Theres actually a house for sale about a stones throw from our apartment that we really like. It’s on the smaller side (though still 3 bed/2 bath) and soooooo cheap (bank owned). I could see us living there. If it’s still available in the next few months when we’re *hopefully* ready, I’d love to make an offer.
Post # 9
No way. We started out VERY conservative, and ended up getting a house 20% over our target budget, but still well below what we qualified for.
Post # 10
- Wedding: October 2011 - Bed & Breakfast
No. We are looking at houses that are $200-300k below what we can be approved for. Lenders have given us very perplexed looks when we tell them that we are not interested in the amount that they want to offer us. But we’d rather live comfortably and have a good safety net and retirement savings than max our budget on a house.
Post # 11
I was told by my real estate agent we would be approved for around 400-500k. Uhhhh NO! In our neighbourhood an older, outdated 3 bedroom house goes for around 250-275, so that is our budget.
Even though you are approved for a much higher number, there are a few things to consider:
1. If you or your SO lose your job, can one of you cover the morgage payments?
2. How long do you want to spend paying off your house?
3. If you spend at the top of your price range, will you still be able to save money for yourself, home repairs, renos, etc?
In the end, it’s usually smarter and safer to buy something that seems reasonable and not just because you have been approved.
Post # 12
I have in the past. However, I wouldn’t now.
I was not an irresponsible homeowner, but as we know, the housing market is in the shape it is, because people became house poor and then couldn’t afford to make payments when something in their lives changed.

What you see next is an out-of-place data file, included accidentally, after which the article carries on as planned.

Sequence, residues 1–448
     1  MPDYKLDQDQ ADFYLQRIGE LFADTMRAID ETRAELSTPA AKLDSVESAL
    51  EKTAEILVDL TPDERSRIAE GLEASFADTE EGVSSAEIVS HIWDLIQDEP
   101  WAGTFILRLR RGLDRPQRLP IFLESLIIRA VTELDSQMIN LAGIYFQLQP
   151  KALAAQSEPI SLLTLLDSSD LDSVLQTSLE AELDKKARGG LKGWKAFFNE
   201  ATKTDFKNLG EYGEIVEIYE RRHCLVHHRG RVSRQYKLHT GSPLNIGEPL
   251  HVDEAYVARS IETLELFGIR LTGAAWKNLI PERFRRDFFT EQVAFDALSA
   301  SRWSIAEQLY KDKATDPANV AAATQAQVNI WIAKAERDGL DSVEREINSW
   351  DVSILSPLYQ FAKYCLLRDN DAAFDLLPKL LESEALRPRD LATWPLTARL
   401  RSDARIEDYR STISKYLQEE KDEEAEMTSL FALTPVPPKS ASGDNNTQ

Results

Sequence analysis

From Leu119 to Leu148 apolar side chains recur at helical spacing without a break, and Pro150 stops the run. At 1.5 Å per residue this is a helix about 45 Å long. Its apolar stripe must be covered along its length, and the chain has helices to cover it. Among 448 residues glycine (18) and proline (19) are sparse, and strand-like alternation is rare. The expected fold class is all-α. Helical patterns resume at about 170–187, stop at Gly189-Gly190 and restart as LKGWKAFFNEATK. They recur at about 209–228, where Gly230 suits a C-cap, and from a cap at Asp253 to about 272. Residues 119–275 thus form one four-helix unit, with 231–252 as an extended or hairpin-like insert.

When I was younger I bought a condo that was $5k below my max approval. I however, had roomates living with me, so it was very easy to pay.
This time around we are only using DH’s income, since I am now self-employed and going through the hassle of putting me on the mortgage isn’t worth it. He was approved for more than double what we want to spend. We laughed at the mortgage broker, because if he actually was single, and spent that much, after his other expenses, he would have $75 a week left over. Could you imagine? That’s nuts.
Post # 13
our house was actually over our initial budget by 20k, but much less then what we initially got approved for.
Post # 14
Under! I always figure, the calculations look fun on paper, but throw a kid in the equation or a job loss, injury etc etc and your in over your head.
We paid for our house upfront with cash because houses were so low and it kept us under budget so to speak.
Luckily, I have found with the state of the realestate market, you can still get what would be an ‘expensive” house for a bargain price!
Post # 15
We budgeted based on one of us being unemployed completely. That was all of our bills are payable on one income, and the other is our fun/retirement/savings money.
Post # 16
Definitely under. We were preapproved for wel over 400,000 and bought a condo for 235,000. It’s enabled us to pay off student loans, take two fairly major vacations in he last five years with a smaller one each year and still save almost my entire salary. We’re staring down the end of time that it’s practical to live in a condo though and I think the next place will be more of a stretch